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Link building for law firms: tips for creating linkable content

Link building for law firms: tips for creating linkable content

Link building is still a valid and essential marketing tool, despite the bad reputation it has earned over the past several years. Although cries of "link building is dead" have rung out across the SEO community since the first Penguin update in 2012, links, and therefore the need for link building, are still very much alive. According to Moz's Search Engine Ranking Factors 2015 report, domain level link features and page level link features place first and second in a list of top 10 influential ranking factors. Google's algorithm has always relied heavily on links, and as much as the search giant may express its desire to move away from links, they still play a roll in how well a page ranks.

You can build quality links from reputable sources that are not classified as link schemes according to Google's Webmaster Guidelines. However, you cannot automate the process. Good link building — the kind that helps your firm acquire penalty-free backlinks — takes time and research, and it must be done manually.

To build links manually, you must have content to which other sites can link. If you are going to contact the owners of third-party websites and ask them to link to content on your site, that content must offer something of actual value to the readers of that website. It should also be beneficial to your prospective clients. A good link will both come from a reputable source and help establish your firm as an authority on a topic important to people you want to contact you.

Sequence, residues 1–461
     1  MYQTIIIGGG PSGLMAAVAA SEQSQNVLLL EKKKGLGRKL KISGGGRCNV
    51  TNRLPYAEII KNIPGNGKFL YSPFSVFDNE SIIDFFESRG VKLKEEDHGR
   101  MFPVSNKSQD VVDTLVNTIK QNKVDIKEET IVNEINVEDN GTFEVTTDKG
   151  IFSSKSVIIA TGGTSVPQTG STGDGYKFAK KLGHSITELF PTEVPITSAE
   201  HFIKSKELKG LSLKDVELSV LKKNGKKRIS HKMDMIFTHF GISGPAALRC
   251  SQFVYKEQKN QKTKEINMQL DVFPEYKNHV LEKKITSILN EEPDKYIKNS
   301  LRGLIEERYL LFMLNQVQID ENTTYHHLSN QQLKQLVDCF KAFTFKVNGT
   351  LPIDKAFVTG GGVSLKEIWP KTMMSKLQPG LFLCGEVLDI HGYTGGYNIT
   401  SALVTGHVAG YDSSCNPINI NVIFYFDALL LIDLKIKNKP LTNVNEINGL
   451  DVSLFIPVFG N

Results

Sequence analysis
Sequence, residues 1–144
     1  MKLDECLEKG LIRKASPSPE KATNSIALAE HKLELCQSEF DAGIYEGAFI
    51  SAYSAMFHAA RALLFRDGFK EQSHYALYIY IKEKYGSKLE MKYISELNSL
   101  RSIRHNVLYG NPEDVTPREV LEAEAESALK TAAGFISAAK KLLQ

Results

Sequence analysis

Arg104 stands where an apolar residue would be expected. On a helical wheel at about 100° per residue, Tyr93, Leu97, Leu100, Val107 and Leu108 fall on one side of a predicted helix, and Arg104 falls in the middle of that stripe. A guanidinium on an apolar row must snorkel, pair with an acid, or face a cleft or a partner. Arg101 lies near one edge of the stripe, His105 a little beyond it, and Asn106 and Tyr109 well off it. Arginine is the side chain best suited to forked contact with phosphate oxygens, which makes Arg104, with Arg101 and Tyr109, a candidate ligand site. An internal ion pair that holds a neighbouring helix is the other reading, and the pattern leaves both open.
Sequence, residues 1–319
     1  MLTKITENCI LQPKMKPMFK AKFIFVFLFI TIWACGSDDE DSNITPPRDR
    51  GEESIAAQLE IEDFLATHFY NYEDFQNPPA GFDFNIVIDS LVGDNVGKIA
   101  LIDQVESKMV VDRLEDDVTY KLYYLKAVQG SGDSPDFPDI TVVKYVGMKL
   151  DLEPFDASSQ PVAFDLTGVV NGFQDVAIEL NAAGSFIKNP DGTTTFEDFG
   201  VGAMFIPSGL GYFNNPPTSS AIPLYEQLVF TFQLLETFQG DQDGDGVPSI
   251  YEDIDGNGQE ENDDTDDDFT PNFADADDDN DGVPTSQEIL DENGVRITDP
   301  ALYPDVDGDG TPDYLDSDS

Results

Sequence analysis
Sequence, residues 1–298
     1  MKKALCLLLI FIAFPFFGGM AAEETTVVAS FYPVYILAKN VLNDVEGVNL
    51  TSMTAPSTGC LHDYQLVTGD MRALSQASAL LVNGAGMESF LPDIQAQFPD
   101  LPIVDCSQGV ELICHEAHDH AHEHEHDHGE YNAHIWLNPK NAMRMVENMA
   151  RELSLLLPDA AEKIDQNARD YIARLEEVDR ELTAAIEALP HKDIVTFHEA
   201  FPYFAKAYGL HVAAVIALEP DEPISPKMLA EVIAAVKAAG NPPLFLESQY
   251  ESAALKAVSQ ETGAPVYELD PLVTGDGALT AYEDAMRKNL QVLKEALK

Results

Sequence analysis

Here are some techniques for developing content that other sites and your prospective clients will find useful.

1. Find the right audience for your content.

Your ability to reach the person who is most likely to want the information you are sharing is key to effective link building.

Linkable audiences can fall into two categories:

Broad. Broad linkable audiences are groups of people who identify with one another but may not be specific to any of your individual practice areas. These types of audiences include categories like teachers, parents, veterans, seniors, business owners or immigrants. An article of interest to parents generally, for example, is likely to have wide appeal.

Focused. While you want your content to have wide appeal, you also want to reach people who are likely to be interested in your services or know others who are in need of your services. This group of people will be members of a focused linkable audience.

Firm-specific audiences might include middle-aged children of elderly parents, people charged with a DUI, people whose homes are foreclosing or spouses seeking a divorce.

If you want to dig deeper into who your clients are, try creating client personas. Think of a client persona as a real person. Your clients are much deeper than “women in their 50s” or “single fathers,” and the personas you build should be as well. Your clients have values, desires, worldviews, educational and experiential backgrounds, expectations, needs and goals — explore these attributes.

Make a list of broad and focused audiences. Do any of these audiences cross? If so, where? For example, you may be able to create useful content for parents of children convicted of a DUI or veterans facing foreclosure.

Using search for audience discovery

Garrett French at Citation Labs has written extensively on the topic of linkable audiences and topics. He provides excellent, practical advice about searches you can perform to both help you see how communities define themselves and what they are discussing.

Here is one of his methods. Type:

“for ____” inurl:links.html

into the Google search box.

The text in quotes is the audience you want to explore. For example, typing:

“for seniors” inurl:links.html